Finally, it should be noted that there are two main chapters to Malcolm X as a rhetorical leader. In the first chapter, his rhetoric is clearly anti-white. He speaks of all white men as evil and preaches a total separation of the races. However, after becoming disenchanted with Elijah Muhammad, Malcolm takes a trip to Mecca and experiences a turning point in his outlook. As stated in the film (and Malcolm’s autobiography), in Mecca Malcolm X worshipped next to people of all races in harmony. White or black, they were all present to honor Allah and were able to coexist harmoniously. After his trip to Mecca, Malcolm’s words become decidedly less anti-white and more pro-black. He does not shy away from his call to arms in defense, but he no longer labels all white people as evil and is more willing to entertain the idea that the races can cohabitate peacefully one day.
In his speech, The Ballot or the Bullet, a speech not referenced directly in the film by name but still present, Malcolm X speaks of moving beyond a fight for civil rights in America. He talks about taking the grievances of the black American to the United Nations to make a plea for human rights. In this way, Malcolm showed his subversion and intelligence. While other race leaders were willing to work inside the system to gain black people civil rights, Malcolm subverted the system. In his opinion, the white leaders of America needed to be held accountable for their racist actions which, according to Malcolm, denied blacks their human rights.
Malcolm’s view on progress and the eradication of slavery in the U.S.
By stating he would go to the United Nations to argue outside of America for his equality, Malcolm X elevates his rhetoric from the mire of American hegemony to a place where his cries of injustice might be heard and, what’s more, answered. Unfortunately, Malcolm’s assassination in 1965, by three members of the Nation of Islam, his former organization led by Elijah Muhammad, put a stop to Malcolm’s rhetoric and struggle towards Afro-American equality. Instead of the U.N. declaring in 1965 that the U.S. should be held accountable for racism, a U.N. affiliated organization found in 2016 that the U.S. owes reparations to its black citizens for the many injustices they have faced, going back to (and as a result of) slavery.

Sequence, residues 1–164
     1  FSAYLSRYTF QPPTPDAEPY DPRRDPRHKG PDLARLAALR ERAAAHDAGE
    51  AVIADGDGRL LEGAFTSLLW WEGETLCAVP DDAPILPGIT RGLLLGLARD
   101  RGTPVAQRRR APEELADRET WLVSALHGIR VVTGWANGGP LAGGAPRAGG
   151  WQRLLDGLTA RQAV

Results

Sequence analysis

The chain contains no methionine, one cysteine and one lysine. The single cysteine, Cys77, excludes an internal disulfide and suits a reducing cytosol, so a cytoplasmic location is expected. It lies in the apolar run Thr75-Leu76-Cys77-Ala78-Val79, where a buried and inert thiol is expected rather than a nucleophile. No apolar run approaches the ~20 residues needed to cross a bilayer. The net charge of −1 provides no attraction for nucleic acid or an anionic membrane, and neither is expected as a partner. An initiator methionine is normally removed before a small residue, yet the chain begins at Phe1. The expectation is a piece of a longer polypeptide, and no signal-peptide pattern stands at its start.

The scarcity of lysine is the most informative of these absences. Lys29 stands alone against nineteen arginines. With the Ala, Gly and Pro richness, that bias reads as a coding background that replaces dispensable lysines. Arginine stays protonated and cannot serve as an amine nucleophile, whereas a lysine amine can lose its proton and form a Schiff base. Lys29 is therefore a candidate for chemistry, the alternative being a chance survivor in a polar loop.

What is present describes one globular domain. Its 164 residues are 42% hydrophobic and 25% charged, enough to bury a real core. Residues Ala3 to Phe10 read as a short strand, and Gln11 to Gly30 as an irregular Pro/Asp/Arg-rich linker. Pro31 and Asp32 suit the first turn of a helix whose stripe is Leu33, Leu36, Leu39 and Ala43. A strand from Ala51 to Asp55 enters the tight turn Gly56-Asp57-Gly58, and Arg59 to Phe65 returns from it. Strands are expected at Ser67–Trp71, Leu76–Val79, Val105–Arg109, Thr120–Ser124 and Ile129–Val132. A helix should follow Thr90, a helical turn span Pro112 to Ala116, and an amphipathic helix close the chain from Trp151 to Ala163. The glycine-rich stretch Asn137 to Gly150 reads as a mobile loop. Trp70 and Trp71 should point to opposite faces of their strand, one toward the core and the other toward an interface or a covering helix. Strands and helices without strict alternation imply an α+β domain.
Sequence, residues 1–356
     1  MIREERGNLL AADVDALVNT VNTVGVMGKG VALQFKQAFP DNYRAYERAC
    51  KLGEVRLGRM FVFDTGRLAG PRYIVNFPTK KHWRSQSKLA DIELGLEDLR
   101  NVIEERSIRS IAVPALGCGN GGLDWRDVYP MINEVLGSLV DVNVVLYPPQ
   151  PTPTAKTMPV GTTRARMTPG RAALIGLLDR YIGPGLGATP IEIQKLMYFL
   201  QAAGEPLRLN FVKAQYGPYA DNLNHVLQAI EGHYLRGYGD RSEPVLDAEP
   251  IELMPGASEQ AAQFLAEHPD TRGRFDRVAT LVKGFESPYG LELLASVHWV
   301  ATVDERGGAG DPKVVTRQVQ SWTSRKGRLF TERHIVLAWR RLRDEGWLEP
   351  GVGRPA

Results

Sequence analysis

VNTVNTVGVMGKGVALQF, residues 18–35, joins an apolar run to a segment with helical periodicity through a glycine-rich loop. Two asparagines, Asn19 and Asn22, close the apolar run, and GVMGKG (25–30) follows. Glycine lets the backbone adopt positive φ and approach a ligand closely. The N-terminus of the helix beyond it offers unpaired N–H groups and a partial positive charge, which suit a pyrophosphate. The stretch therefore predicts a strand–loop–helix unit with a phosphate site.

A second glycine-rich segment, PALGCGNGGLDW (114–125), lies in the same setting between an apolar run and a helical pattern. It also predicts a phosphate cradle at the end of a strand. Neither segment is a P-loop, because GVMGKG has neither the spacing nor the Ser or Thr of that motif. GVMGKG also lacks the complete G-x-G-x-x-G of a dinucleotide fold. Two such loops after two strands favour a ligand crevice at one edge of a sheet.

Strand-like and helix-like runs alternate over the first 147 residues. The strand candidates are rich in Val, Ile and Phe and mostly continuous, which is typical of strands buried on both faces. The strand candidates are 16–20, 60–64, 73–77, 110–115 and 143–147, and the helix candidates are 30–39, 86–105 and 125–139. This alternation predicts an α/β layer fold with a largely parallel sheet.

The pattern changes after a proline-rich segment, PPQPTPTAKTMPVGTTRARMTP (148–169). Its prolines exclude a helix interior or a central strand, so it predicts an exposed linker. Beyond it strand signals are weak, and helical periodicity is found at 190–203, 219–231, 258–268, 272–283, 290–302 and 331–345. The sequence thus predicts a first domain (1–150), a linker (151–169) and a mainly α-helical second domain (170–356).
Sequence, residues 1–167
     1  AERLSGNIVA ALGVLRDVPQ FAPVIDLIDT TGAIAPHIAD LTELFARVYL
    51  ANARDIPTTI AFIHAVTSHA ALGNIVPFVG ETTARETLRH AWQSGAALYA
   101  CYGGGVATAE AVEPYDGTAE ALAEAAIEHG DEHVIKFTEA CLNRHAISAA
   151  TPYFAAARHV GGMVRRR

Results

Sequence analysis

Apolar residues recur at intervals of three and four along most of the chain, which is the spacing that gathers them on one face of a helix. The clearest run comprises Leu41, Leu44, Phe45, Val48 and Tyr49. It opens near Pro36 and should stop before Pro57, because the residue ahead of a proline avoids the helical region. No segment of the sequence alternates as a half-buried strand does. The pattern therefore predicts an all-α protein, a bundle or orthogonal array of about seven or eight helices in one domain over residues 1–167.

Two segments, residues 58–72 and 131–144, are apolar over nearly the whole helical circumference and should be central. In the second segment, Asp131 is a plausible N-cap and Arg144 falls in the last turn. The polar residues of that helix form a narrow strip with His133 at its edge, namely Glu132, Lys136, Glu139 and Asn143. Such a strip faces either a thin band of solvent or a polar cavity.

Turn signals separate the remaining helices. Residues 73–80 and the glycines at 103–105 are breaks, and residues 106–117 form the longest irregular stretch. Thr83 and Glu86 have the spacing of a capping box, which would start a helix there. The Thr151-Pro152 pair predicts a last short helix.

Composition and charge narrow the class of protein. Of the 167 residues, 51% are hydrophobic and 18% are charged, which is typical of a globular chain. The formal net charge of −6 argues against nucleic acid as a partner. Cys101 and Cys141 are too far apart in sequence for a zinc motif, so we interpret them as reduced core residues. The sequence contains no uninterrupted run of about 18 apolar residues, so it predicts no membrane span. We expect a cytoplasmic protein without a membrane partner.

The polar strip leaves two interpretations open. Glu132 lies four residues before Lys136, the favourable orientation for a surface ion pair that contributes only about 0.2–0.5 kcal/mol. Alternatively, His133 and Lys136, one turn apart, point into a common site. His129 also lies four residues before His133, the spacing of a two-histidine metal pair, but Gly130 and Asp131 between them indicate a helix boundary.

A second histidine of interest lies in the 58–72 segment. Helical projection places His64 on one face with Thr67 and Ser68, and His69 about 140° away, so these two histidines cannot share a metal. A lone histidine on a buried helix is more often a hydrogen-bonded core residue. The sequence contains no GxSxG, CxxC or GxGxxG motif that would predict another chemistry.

At the end of the film, Malcolm X’s life and rhetoric is being taught in classrooms and there is a sequence where several young black girls and boys stand up individually to shout, “I am Malcolm X!” By using mirroring, paralleling the education of these boys and girls with Malcolm X’s own, Lee is able to show how Malcolm’s life and rhetoric has improved the outlook for black people, if only as a way to begin the decoupling of mental colonialism and move towards black pride.
Malcolm X, 1925-1965
*For more on Garveyism, see Hal W. Bochin’s “Marcus Moziah Garvey” in African-American Orators: A Bio-Critical Sourcebook.
**For further analysis of Malcolm X’s rhetoric, see Mark White’s “Malcolm X (1925-1965), religious leader, civil rights activist” in African-American Orators: A Bio-Critical Sourcebook and Stephen Lucas and Martin Medhurst’s “Malcolm X: The Ballot or the Bullet” in Words of a Century: The Top 100 American Speeches, 1900-1999.